The U.S. Federal Maritime Commission is seeking comments on whether it should develop freight rate indexes for agricultural exports.
The FMC said it has received informal requests from large U.S. exporters, intermediaries, and derivative brokers to consider issuing container freight indexes for U.S. agricultural exports.
“These large U.S. exporters, as well as the Agricultural Marketing Service at the U.S. Department of Agriculture (USDA), have expressed an interest in having access to reliable container freight rate indices that are specific to U.S. agricultural export commodities. They assert that the U.S. export market likely would be quick to adopt index-based contracting because many exporters already are accustomed to hedging risk exposure in the bulk shipping markets and because freight rates represent a much larger portion of the delivered value of their products, which means even quite small freight rate movements can have a large impact on the delivered value,” the FMC said in a notice of inquiry
The agency is inviting comments by July 8 on the idea.
“These agricultural exporters also point out that they have excellent visibility into bulk shipping rates through the Baltic Dry Indexes, but have no similar visibility into container shipping rates for exports,” it added.
The FMC said it's asking for comments on:
- Whether and to what extent shippers would find targeted U.S. export rate indexes beneficial.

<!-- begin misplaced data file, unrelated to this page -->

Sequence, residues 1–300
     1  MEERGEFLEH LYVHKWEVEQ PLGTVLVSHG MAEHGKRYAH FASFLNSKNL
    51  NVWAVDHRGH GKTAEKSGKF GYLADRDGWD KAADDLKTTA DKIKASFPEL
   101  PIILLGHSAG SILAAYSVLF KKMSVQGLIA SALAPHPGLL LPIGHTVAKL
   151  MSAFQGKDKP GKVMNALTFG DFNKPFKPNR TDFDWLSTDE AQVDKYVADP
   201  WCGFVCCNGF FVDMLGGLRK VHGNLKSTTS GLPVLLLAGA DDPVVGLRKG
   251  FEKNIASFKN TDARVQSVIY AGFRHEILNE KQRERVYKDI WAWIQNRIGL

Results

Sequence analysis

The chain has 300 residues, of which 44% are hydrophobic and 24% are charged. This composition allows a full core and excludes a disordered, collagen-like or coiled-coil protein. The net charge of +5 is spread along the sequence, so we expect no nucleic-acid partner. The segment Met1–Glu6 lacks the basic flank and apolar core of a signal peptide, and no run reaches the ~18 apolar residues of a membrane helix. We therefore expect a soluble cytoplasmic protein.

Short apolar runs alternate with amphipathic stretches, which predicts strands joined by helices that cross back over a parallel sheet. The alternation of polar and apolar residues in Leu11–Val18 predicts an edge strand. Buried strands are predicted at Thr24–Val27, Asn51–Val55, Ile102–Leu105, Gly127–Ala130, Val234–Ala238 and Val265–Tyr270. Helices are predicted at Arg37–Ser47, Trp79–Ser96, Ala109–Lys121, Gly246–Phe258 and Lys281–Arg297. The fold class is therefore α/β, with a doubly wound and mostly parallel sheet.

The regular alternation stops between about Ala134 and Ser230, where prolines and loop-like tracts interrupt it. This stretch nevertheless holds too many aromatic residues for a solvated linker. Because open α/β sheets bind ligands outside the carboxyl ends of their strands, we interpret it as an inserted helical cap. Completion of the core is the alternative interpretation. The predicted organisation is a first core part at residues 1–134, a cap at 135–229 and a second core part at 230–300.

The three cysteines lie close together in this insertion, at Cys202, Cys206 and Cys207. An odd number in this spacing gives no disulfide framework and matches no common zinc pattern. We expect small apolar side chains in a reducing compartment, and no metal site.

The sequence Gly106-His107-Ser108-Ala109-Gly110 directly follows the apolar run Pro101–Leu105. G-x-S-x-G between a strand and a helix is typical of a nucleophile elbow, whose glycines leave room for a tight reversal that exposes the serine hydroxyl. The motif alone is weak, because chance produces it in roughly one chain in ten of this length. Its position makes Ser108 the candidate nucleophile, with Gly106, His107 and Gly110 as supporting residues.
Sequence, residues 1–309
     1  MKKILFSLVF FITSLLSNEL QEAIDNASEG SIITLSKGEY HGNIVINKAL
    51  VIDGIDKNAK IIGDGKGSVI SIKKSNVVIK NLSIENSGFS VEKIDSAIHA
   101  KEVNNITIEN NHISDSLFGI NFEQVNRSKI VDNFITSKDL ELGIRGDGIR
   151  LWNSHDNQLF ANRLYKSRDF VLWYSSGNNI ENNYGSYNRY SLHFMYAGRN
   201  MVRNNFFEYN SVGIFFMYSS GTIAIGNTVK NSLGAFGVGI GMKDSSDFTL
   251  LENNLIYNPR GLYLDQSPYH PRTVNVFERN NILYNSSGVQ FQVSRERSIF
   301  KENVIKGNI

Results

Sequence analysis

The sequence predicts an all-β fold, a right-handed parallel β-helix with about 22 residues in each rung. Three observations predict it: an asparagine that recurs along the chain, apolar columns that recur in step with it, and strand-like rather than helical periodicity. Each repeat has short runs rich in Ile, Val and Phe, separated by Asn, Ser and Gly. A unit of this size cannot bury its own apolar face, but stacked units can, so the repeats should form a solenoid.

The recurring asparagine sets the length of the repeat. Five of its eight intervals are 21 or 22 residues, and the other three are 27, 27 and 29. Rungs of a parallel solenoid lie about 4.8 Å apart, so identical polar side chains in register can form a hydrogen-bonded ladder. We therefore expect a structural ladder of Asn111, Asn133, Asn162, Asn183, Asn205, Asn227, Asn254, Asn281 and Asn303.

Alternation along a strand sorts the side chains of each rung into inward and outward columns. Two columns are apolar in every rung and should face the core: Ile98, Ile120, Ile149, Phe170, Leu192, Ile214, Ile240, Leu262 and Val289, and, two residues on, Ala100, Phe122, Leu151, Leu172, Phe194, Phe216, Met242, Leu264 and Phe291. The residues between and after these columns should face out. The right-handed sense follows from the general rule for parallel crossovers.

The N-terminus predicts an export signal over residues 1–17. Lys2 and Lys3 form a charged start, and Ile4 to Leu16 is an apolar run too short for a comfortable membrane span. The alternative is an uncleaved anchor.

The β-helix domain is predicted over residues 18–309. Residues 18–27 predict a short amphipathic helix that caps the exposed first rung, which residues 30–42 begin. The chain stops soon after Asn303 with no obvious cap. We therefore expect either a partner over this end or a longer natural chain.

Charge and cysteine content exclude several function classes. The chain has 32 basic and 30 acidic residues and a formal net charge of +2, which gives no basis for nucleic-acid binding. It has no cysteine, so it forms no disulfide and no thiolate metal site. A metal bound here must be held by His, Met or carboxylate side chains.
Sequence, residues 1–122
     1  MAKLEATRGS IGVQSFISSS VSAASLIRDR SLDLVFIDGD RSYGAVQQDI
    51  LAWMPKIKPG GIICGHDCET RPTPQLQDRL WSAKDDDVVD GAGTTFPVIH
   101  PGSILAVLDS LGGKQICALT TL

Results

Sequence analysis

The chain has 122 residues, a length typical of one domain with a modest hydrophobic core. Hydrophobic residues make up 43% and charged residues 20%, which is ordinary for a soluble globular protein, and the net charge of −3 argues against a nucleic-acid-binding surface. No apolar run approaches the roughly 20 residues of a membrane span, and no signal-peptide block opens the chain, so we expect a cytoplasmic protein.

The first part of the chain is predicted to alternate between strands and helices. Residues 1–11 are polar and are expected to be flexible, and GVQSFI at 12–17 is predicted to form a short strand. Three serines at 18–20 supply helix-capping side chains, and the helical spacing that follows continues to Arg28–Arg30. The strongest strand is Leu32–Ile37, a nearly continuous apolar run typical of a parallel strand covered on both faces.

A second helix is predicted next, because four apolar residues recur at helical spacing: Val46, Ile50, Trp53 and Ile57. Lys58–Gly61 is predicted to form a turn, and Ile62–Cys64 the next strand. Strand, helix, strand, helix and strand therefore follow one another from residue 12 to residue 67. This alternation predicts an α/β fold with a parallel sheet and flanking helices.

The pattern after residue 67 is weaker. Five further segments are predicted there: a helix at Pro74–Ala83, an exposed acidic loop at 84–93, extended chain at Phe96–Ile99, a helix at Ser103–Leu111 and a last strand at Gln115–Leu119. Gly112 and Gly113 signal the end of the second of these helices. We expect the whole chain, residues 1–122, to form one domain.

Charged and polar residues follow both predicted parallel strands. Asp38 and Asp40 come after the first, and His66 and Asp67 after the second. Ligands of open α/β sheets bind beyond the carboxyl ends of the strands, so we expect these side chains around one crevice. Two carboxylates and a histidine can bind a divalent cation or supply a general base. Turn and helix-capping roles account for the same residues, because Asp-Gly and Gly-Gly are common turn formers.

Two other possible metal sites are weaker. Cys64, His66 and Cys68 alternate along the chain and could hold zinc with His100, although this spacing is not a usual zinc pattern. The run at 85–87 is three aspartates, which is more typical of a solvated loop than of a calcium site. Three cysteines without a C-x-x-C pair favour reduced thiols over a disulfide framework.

- Whether it should extract rate information from service contracts or whether suitable alternatives exist.
- Positive and negative influences on the export commodities and ocean transportation marketplaces of the greater transparency such indexes might provide.
- Whether these indexes, if developed, should be commodity-specific for different prescribed routes or whether more broadly based indexes would meet U.S. exporters’ needs.
The FMC said there has been a proliferation of published containerized freight rate indexes in recent years, starting with the China Containerized Freight Index in 1998, Drewry Freight Insight Index in 2006, the Shanghai Containerized Freight Index and the Container Trade Statistics (CTS) Index, both in 2009, and the Transpacific Stabilization Agreement Index and the Drewry-Cleartrade World Container Index (WCI), both in 2011.
It noted while each index includes one or more U.S. trade routes, “most of them focus only on the U.S. import leg. The two exceptions are the CTS Index, which issues a lagged monthly index of U.S.-Europe rates benchmarked to 2008, and the WCI, which last year began providing coverage of container rates for freight shipped from Los Angeles to Shanghai and Rotterdam among the 11 route-specific indices it provides weekly.”
The FMC said “most of these indices were developed in the wake of recent rate volatility in the major international liner shipping markets. In principle, the availability of credible rate benchmarks allows shippers and ocean carriers an opportunity to manage freight rate risk.”